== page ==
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Obama Announces Sanctions Against Russia In Response To Cyberattacks

U.S. intelligence agencies maintain that Russian President Vladimir Putin personally authorized the hacking of Democratic officials' email accounts in the run-up to the presidential election.
U.S. intelligence agencies maintain that Russian President Vladimir Putin personally authorized the hacking of Democratic officials' email accounts in the run-up to the presidential election.

The White House has announced new actions targeting Russia in response to cyberattacks intended to interfere with the U.S. election.

In a statement Thursday, President Obama said, "All Americans should be alarmed by Russia's actions," referring to hacks of the Democratic National Committee. Obama also cited an "unacceptable level of harassment" of American diplomats by Russian security services and police in Moscow.

The immediate impact of the president's executive order is that 35 Russian diplomats will be expelled from the U.S. and two Russian compounds will be closed.

The statement also names Russian individuals and entities — including two intelligence services — to be targeted by new sanctions.

"We will continue to take a variety of actions at a time and place of our choosing, some of which will not be publicized," the statement goes on to say.

Later on Thursday, a separate joint statement from the Department of Homeland Security, Office of the Director of National Intelligence, and the FBI reiterated the claim that the Russian government was behind the cyber attacks:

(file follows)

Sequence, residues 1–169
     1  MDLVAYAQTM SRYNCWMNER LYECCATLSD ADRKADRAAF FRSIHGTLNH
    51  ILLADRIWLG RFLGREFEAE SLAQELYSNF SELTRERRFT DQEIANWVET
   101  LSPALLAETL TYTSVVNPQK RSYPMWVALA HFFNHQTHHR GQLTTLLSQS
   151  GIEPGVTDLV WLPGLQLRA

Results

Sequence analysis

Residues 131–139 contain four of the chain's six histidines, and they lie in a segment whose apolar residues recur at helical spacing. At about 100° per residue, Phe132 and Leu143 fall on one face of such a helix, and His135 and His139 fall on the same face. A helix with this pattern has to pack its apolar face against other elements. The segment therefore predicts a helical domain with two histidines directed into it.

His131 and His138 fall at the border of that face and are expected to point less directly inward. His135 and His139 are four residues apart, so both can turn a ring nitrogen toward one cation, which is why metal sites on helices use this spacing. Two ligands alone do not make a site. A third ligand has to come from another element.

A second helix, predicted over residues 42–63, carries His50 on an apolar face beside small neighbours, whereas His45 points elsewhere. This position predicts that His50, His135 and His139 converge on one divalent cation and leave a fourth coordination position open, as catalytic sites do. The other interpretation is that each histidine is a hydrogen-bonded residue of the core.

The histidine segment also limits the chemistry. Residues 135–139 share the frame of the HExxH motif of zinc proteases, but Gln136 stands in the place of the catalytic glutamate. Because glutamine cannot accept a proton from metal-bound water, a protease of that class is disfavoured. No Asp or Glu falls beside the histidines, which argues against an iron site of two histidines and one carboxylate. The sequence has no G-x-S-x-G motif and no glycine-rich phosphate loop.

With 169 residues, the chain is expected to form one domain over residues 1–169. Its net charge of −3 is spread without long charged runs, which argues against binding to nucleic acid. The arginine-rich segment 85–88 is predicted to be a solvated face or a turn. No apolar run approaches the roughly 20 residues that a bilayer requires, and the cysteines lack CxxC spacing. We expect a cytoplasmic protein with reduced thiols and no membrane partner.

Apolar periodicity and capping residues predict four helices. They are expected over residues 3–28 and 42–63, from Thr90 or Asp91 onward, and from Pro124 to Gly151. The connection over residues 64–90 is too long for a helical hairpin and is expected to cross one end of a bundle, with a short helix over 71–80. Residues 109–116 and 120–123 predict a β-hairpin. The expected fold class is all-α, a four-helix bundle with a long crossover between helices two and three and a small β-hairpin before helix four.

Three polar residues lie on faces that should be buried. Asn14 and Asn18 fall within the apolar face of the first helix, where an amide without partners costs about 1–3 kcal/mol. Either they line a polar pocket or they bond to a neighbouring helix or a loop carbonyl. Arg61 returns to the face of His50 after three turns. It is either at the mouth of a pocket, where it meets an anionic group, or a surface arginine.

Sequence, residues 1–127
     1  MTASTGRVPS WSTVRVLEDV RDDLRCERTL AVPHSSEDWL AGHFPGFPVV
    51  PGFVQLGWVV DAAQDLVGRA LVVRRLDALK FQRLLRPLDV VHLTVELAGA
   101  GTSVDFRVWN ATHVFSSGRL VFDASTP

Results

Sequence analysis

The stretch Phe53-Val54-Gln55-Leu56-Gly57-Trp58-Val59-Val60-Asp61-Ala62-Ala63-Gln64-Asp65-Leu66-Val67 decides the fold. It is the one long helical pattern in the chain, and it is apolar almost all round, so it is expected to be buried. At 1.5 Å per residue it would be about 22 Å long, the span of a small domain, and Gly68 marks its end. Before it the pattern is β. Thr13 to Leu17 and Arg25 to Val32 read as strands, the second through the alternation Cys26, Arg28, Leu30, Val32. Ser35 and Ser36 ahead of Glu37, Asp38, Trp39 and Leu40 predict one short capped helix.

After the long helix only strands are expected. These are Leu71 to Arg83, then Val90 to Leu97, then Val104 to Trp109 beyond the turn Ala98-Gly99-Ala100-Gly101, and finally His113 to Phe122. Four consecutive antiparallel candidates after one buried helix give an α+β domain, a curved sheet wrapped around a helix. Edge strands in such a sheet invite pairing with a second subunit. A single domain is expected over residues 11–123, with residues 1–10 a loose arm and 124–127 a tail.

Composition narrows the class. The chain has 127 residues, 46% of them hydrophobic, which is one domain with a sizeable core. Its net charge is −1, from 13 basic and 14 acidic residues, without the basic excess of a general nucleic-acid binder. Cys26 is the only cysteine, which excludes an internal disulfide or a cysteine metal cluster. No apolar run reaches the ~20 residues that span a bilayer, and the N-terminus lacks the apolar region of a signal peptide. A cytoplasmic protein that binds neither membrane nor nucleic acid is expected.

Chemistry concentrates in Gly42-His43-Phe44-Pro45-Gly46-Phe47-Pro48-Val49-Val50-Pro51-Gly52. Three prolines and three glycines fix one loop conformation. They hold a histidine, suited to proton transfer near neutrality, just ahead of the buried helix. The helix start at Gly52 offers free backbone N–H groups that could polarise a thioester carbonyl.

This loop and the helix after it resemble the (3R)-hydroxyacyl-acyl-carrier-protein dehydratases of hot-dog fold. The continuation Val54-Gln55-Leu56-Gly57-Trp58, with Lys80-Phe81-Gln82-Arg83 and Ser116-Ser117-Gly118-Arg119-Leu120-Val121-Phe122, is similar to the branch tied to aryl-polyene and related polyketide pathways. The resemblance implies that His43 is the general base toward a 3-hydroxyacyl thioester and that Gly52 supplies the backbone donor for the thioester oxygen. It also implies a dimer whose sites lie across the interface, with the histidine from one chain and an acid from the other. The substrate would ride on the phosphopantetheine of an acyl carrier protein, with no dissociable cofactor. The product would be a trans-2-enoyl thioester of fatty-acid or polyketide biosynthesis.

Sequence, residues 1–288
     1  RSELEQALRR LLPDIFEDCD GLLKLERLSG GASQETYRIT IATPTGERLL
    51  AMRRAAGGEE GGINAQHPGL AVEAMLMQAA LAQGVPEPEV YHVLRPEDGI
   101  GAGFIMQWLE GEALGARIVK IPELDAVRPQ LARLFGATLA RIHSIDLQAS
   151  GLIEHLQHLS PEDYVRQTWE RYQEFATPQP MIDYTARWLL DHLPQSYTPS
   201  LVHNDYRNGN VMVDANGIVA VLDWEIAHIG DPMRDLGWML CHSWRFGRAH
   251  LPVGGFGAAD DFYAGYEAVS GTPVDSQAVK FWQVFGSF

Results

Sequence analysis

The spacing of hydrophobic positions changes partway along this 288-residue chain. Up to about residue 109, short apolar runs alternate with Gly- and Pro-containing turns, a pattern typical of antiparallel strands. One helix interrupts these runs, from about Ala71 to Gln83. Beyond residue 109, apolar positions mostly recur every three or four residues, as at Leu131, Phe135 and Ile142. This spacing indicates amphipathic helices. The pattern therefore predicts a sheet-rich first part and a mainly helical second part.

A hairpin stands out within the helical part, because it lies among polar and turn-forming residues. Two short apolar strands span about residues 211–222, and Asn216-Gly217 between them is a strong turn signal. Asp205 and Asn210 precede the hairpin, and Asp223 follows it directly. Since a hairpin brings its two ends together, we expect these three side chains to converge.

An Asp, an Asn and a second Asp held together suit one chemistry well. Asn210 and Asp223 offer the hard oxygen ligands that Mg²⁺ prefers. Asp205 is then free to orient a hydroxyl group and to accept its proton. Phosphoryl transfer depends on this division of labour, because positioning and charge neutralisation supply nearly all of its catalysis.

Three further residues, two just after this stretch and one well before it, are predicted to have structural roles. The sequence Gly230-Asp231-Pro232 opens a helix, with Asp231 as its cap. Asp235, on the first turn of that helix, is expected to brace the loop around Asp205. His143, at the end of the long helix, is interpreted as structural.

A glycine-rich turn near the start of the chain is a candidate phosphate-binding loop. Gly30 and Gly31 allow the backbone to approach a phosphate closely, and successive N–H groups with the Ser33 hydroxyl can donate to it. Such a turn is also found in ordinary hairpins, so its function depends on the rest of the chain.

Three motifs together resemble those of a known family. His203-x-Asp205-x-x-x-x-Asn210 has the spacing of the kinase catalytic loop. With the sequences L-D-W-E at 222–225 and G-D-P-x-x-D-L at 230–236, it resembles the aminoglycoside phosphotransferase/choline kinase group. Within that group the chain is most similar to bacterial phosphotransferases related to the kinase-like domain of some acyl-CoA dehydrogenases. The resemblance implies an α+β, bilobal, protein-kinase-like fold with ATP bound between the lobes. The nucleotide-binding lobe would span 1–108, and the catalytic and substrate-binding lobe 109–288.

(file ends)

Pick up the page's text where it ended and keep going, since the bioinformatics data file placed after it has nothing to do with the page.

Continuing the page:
"This activity by Russian intelligence services is part of a decade-long campaign of cyber-enabled operations directed at the U.S. Government and its citizens. These cyber operations have included spearphishing, campaigns targeting government organizations, critical infrastructure, think tanks, universities, political organizations, and corporations; theft of information from these organizations; and the recent public release of some of this stolen information. In other countries, Russian intelligence services have also undertaken damaging and disruptive cyber-attacks, including on critical infrastructure, in some cases masquerading as third parties or hiding behind false online personas designed to cause victim to misattribute the source of the attack."

Congressional leaders from both parties have released statements supporting the new sanctions, while taking thinly-veiled shots at political opponents.Republican House Speaker Paul Ryan sent out a short release to reporters this afternoon:

"Russia does not share America's interests. In fact, it has consistently sought to undermine them, sowing dangerous instability around the world. While today's action by the administration is overdue, it is an appropriate way to end eight years of failed policy with Russia. And it serves as a prime example of this administration's ineffective foreign policy that has left America weaker in the eyes of the world."

Democratic Senator Charles Schumer , who is expected to lead his caucus in the Senate come January, welcomed the administration's actions.

"I strongly support the steps the administration is taking to fight back against Russia's interference in our election. We need to punch back against Russia, and punch back hard. "I hope the incoming Trump administration, which has been far too close to Russia throughout the campaign and transition, won't think for one second about weakening these new sanctions or our existing regime. Both parties ought to be united in standing up to Russian interference in our elections, to their cyberattacks, their illegal annexation of Crimea and other extra-legal interventions."

Meanwhile, the AP Reports that Russia is already considering retaliatory measures to the sanctions. And a tweet from Russia's embassy in the U.K. mocked President Obama, tweeting a picture of a lame duck.


President-elect Donald Trump has repeatedly cast doubt on assertions that Russia was responsible for hacks and leaks during the election. Russia has officially denied the allegations.

This story has been updated.
Copyright 2016 NPR. To see more, visit http://www.npr.org/.

Jonese Franklin